Separating from the herd

Dec. 16, 2014
Personal branding is a strong sales tool

Imagine that your only contact with a certain prospect has been your semi-annual chin wag. Sure, it took 47 phone calls to reach him, but one day your persistence will pay off.  The truth is, the only thing you’re wearing out is your personal brand. Think how you feel when your home phone rings during dinner. On the other end of the line is someone unable to pronouce your name selling duct-cleaning service you probably don’t need.  That’s how this busy, educated, tech-savvy transportation buyer thinks of you.

And that’s why cold calling is a flawed sales strategy.  It hurts your personal brand more than it helps.  Everyone has a personal brand. Quite simply, it’s what people say about you when you leave the room.  If you’ve acted like a buffoon for the past 15 years, there’s a good chance your brand is pretty battered. A strong, authentic personal brand sends a clear, consistent message about who you are, what you’re good at, and why you’re different. If a customer falls into a hole, there are 25 average sales reps who will sell him a ladder. Your personal brand should send a message that you’re the type of rep who can keep him from falling into the hole in the first place.
Here’s why I think it’s important to understand and manage your personal brand:

Shopping has changed. Today’s transportation buyers don’t make decisions the way they did during the heydays of cold calling. The stats say it all:

  • 90% of buying decisions today are based on Internet research.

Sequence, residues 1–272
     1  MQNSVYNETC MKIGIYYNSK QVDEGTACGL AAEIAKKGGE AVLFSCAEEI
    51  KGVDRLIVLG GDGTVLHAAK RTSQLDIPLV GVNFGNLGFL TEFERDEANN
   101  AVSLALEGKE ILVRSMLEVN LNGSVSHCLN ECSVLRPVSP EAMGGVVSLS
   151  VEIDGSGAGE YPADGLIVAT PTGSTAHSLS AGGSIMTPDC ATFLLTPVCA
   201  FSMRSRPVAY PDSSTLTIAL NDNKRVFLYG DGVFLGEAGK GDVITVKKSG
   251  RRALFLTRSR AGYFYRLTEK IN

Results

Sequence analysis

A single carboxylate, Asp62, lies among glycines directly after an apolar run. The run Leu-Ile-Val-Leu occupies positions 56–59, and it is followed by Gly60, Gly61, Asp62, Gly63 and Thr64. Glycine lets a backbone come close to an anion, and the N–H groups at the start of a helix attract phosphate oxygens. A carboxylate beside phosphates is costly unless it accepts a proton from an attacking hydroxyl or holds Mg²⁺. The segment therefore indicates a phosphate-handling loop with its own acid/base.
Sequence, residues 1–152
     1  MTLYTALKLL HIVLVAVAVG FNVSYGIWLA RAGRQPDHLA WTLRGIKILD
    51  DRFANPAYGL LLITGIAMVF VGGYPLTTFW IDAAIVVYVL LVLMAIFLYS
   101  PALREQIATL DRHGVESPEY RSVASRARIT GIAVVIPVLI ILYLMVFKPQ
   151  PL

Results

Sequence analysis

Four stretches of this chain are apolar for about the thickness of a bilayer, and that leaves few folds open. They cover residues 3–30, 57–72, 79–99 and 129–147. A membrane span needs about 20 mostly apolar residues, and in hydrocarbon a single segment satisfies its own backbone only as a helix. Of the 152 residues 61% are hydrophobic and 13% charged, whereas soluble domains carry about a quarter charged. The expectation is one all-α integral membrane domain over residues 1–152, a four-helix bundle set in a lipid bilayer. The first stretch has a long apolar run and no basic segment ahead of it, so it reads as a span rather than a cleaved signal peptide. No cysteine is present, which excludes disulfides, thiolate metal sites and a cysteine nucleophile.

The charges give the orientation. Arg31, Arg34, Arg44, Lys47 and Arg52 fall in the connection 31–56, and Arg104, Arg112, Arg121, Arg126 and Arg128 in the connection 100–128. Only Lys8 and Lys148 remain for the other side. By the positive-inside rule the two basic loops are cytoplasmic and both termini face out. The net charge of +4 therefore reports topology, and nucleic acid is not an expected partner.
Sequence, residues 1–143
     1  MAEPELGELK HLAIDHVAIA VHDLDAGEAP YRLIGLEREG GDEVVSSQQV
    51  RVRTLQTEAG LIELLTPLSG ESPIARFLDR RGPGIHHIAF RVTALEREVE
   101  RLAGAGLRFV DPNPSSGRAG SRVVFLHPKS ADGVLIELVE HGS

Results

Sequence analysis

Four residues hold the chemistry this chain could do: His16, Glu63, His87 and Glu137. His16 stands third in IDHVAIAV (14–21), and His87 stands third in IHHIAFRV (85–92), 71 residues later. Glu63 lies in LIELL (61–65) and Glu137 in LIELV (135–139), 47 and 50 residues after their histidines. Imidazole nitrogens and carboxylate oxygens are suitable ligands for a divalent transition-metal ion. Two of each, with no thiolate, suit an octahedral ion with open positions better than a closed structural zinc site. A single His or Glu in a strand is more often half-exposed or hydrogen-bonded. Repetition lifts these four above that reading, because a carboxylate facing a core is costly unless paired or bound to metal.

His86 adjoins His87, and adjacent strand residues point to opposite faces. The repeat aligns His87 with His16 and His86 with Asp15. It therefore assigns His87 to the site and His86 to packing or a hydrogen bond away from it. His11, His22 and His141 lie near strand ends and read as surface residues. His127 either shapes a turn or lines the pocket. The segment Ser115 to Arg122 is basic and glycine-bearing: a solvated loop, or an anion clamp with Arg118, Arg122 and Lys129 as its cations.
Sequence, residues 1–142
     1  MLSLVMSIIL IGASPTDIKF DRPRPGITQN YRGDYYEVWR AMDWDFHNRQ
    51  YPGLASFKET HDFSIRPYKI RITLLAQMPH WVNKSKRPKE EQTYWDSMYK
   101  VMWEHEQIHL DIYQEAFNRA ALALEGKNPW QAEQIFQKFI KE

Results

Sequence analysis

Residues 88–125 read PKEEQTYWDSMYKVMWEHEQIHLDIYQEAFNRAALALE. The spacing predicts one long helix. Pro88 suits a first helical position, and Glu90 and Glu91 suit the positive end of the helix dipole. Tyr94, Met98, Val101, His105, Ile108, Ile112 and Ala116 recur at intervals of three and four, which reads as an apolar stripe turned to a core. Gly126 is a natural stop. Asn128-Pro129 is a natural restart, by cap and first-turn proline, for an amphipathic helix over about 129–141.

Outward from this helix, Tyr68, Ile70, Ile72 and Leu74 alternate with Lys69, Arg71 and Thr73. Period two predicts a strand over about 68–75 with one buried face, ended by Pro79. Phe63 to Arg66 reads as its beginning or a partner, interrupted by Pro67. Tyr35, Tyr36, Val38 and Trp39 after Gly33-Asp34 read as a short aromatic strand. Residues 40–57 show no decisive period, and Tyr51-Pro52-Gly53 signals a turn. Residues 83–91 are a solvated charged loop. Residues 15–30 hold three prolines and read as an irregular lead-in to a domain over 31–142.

• 66% of buyers trust their own research over information provided by sales reps.
  • 92% of buyers are more confident in the information they find on the Internet than what they hear from sales reps.

What does all this mean? Customers think they don’t need you anymore. They trust the words on their screen more than what comes out of your mouth. You need a damn good personal brand to have any chance of sales success.

Margin math. Selling is simple math: The number of deals you close is directly proportional to the number of prospects you have in your sales pipeline. Without a strong personal brand, you’re going to have one hell of a time finding prospects. When you don’t have enough deals in the works, it’s hard to walk away from the ones you’re trying to close. There is nothing worse for margin than taking on bad business because your sales math doesn’t allow you to walk away.

Lost in space. The stats indicate a good chunk of the purchasing decision happens before “outsiders” ever get involved.  A strong personal brand will draw you into opportunities you were not expecting. Unexpected freebies are great for business. Conversely, when your personal brand is weak, you will lose opportunities you never knew existed. They get lost in space never to return again.

Who’s your competitor? Intense competition has led to a commoditized trucking world where fewer products are considered unique. More than ever your competitor is not the name on the truck, but the brand of the rep you’re selling against. When customers start scoping you out online, you will be compared to the other nine reps banging on their door.  When that customer evaluates your personal brand, what will he think? Are you standing strong and separate from the herd?

I’ll talk more about how to develop and manage your personal brand in my next column.

Mike McCarron was one of the founding “M”s in MSM Transportation before the company was purchased by the Wheels Group. Based in Toronto, he currently works for Wheels in mergers and acquisitions and can be reached at [email protected]. Follow Mike on Twitter @AceMcC.


About the Author

Mike McCarron

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